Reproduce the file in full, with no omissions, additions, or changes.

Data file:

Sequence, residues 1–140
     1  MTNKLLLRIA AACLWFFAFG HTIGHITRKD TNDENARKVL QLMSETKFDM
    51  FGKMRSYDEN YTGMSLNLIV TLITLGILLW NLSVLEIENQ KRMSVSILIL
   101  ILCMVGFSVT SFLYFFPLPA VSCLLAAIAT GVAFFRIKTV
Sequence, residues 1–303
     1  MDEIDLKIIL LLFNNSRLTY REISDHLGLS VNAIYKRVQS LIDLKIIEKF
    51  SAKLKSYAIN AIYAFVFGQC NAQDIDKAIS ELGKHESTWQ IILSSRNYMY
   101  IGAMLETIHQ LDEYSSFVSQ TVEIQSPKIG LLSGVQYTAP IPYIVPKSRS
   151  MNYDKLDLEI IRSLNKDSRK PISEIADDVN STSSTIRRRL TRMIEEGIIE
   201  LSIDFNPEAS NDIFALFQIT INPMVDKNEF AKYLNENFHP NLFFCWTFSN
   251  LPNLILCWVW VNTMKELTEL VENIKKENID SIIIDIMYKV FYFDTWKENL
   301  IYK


Sequence, residues 1–140
     1  MTNKLLLRIA AACLWFFAFG HTIGHITRKD TNDENARKVL QLMSETKFDM
    51  FGKMRSYDEN YTGMSLNLIV TLITLGILLW NLSVLEIENQ KRMSVSILIL
   101  ILCMVGFSVT SFLYFFPLPA VSCLLAAIAT GVAFFRIKTV
Sequence, residues 1–303
     1  MDEIDLKIIL LLFNNSRLTY REISDHLGLS VNAIYKRVQS LIDLKIIEKF
    51  SAKLKSYAIN AIYAFVFGQC NAQDIDKAIS ELGKHESTWQ IILSSRNYMY
   101  IGAMLETIHQ LDEYSSFVSQ TVEIQSPKIG LLSGVQYTAP IPYIVPKSRS
   151  MNYDKLDLEI IRSLNKDSRK PISEIADDVN STSSTIRRRL TRMIEEGIIE
   201  LSIDFNPEAS NDIFALFQIT INPMVDKNEF AKYLNENFHP NLFFCWTFSN
   251  LPNLILCWVW VNTMKELTEL VENIKKENID SIIIDIMYKV FYFDTWKENL
   301  IYK